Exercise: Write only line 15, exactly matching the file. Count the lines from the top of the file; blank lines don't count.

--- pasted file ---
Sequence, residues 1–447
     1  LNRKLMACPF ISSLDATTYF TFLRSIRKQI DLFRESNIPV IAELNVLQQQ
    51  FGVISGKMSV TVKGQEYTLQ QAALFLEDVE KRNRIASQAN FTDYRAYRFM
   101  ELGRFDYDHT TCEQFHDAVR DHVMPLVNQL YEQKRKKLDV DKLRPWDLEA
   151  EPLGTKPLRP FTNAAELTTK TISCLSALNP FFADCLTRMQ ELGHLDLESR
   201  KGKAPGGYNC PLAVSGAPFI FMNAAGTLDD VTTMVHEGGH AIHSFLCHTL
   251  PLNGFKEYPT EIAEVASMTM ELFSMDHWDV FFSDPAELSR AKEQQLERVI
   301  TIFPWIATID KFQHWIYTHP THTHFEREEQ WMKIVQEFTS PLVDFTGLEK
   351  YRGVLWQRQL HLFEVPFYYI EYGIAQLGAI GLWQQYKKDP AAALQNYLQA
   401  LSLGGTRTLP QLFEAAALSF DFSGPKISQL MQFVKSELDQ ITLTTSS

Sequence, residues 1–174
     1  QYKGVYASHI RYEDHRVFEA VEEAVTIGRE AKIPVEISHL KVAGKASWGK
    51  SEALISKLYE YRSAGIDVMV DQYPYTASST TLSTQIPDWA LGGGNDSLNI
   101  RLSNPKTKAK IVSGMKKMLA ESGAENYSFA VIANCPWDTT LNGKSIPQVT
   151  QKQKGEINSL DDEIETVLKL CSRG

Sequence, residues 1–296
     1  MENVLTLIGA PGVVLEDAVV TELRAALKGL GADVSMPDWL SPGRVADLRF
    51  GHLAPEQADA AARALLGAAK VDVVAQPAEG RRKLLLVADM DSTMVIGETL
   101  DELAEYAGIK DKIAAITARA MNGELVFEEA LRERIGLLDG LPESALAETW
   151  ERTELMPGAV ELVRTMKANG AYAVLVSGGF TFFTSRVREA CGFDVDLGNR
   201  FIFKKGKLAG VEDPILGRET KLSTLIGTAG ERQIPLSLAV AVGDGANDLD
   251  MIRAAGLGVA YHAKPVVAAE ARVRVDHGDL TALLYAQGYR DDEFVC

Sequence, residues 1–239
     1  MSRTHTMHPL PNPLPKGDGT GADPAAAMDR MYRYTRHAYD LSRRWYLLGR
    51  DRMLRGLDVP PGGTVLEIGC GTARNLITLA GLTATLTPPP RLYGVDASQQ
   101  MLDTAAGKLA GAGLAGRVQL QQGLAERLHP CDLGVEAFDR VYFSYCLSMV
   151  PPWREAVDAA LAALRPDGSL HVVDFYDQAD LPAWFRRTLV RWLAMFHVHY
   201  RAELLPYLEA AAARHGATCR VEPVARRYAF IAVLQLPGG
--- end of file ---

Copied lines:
   151  QKQKGEINSL DDEIETVLKL CSRG